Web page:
Thursday, May 24, 2007

Collecting Intelligence Morals 101

The President has been very noisy of late about the moral imperative driving his thought process in the war in Iraq, and the so called war on terror in general. Having the President hang his logic on morality even as people die by the thousands due to a needless war in Iraq seems a little hollow from my perspective. But the President has to go there in order to sleep at night, so I would like to examine an aspect of our morality as shown by the issue of gays being discharged, and the negative impact of don't ask don't tell on our military's ability to collect intelligence.

The A.P. reports that three Arabic translators have recently been discharged from the military for being gay. This brings to 58 the number of translators who have been discharged from the military under don't ask don't tell. Yet with the wars in Iraq and Afghanistan stretching on, Arabic translators are desperately needed by our military. An example of the value of the interpreters to their units is the case of Ian Finkenbinder as described by Nathaniel Frank in the New Republic.
When Ian Finkenbinder served an eight-month combat tour with the Army's 3rd Infantry Division in Iraq in 2003, he was tasked with human intelligence-gathering, one of the most critical ingredients in the Army's effort to battle the deadly Iraqi insurgency. It is also essential to the U.S. goal of winning support from the Iraqi street. Finkenbinder's job as a cryptologic linguist was to translate radio transmissions, to interview Iraqi citizens who had information to volunteer, and to screen native speakers for possible employment in translation units.

Finkenbinder was a rare and coveted commodity. Having attended the Army's elite Defense Language Institute (DLI) at the Presidio of Monterey, he graduated in the fall of 2002 with proficiency in Arabic at a time when the United States was scrambling to remedy a dire shortage of linguists specializing in Arabic, Farsi, and other tongues critical to the war on terrorism.

So it's not surprising that, according to Finkenbinder, his company commander was "distraught" last month at the prospect of having to start discharge proceedings against him just before the 3rd Infantry, which spearheaded the Iraqi invasion with its "thunder run" to Baghdad, was scheduled to redeploy for a second tour. But he had no choice. The Pentagon's "don't ask, don't tell" policy on gay troops makes no exceptions for linguists, and Finkenbinder had revealed he is gay.
It occurs to me in reading this description that there are many ways of gathering intelligence. One way is to have a person in a unit who can communicate with the locals and interpret local radio traffic. Another way is to sweep through a neighborhood, take all the suspicious looking people to Abu Ghraib, stack them in naked pyramids and sic dogs on them until they tell you what you want to hear. Or you can also stick the detainee in a sleeping bag face first and beat them to a pulp, but getting dead people to tell you the goods is nigh on impossible.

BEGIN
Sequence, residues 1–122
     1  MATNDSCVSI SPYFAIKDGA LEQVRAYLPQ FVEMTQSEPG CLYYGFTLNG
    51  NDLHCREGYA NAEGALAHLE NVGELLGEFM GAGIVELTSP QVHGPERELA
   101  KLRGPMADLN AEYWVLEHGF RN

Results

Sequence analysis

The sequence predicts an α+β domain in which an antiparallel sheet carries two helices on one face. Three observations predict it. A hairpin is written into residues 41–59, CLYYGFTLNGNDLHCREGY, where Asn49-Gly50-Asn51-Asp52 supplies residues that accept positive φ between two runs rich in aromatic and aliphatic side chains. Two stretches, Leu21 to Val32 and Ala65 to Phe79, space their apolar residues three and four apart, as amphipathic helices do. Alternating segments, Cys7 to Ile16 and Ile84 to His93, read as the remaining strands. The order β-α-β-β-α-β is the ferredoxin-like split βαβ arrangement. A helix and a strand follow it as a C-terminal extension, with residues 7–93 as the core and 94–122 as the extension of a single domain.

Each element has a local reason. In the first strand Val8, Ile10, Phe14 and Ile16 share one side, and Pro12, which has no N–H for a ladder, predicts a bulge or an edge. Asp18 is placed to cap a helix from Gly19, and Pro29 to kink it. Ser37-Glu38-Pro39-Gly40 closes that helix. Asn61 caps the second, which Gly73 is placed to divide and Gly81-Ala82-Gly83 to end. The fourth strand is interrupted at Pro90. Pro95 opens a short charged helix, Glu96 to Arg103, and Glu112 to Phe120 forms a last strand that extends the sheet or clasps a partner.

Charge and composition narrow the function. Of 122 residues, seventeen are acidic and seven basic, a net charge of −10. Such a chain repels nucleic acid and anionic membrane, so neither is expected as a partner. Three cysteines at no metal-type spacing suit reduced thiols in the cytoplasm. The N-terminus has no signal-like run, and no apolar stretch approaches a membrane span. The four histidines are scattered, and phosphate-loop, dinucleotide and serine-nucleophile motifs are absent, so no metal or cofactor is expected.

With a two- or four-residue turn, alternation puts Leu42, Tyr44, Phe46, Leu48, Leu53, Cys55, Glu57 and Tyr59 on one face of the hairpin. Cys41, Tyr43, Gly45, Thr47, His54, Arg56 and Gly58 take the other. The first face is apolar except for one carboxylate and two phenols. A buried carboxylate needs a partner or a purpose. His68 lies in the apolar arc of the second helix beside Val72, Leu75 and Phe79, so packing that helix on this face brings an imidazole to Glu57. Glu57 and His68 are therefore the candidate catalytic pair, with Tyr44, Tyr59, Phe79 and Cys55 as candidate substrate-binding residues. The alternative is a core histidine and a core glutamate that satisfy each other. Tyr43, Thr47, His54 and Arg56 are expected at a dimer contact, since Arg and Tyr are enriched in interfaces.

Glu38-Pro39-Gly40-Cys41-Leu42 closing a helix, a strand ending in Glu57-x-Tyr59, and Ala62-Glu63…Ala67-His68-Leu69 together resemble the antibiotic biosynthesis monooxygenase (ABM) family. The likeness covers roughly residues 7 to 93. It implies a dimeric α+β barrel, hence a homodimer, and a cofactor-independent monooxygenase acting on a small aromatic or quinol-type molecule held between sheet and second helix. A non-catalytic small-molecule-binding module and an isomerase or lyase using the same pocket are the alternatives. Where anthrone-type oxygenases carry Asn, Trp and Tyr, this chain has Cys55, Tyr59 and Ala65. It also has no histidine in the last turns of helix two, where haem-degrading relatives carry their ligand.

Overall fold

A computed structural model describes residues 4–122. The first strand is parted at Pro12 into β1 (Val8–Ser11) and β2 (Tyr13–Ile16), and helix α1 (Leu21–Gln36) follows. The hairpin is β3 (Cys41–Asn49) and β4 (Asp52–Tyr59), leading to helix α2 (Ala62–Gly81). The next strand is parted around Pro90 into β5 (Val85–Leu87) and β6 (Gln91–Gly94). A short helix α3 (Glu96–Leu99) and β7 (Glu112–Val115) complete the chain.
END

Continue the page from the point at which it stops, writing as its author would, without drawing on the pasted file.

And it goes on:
Now I understand that administration koolaid drinking toadies (and if I'm really lucky the Pentagon office set up to respond to blog posts about the military) will posit that what I'm describing are the actions of a few bad apples, and that hundreds of people have been prosecuted for crossing the line and torturing detainees. The fact is that General Paul Kern, who was tasked with investigating the Abu Ghraib scandal wrote an op ed for the Washington Post, which ran in yesterdays edition, in which he says:
As the investigator of the atrocities at Abu Ghraib prison, I confronted the outcome of current interrogation policies.
The General is clear about this. The current interrogation policies led to Abu Ghraib... not some past incongruities and mistaken impressions passed on to bad apples. If anything, the tremendous increase in prosecutions of service members for torturing detainees is emblematic of systemic disregard for the Geneva conventions. This flood of cases actually demonstrates the pervasiveness of the problem. The Geneva conventions have been rendered moot while the civilian leadership of the military have bent over backwards to allow for torture while calling it "enhanced interrogation". Notice I carefully deliniated the support for these techniques as coming from the civilian leadership, because the military leaders that have let their opinions on the issue be known are nearly uniformly opposed to the position taken by the President.

Yet thanks to the warped priorities forwarded by this administration, the interpreters who can help us understand the Iraqi's living with our occupation are routinely booted from the service for being attracted to members of the same gender, even as Bush legalized the use of "enhanced interrogation techniques" by signing the military commissions bill. How sad is it that if someone crosses the line (whatever that is) in torturing prisoners, the most effective way to end the barbarity would be to accuse the transgressor of being gay!

This hangup with the military on service members being gay, even as we allow torture in the laws which govern the collection of intelligence, is a sad reflection of twisted morality. The military would be ok recruiting the Marqius De Sade but would not be ok recruiting Ellen DeGeneres. What kind of twisted morality has brought us to that pass?

But who cares as long as the commander in chief can drawl on and on with his take on the morality of the war and he sleeps well at night...

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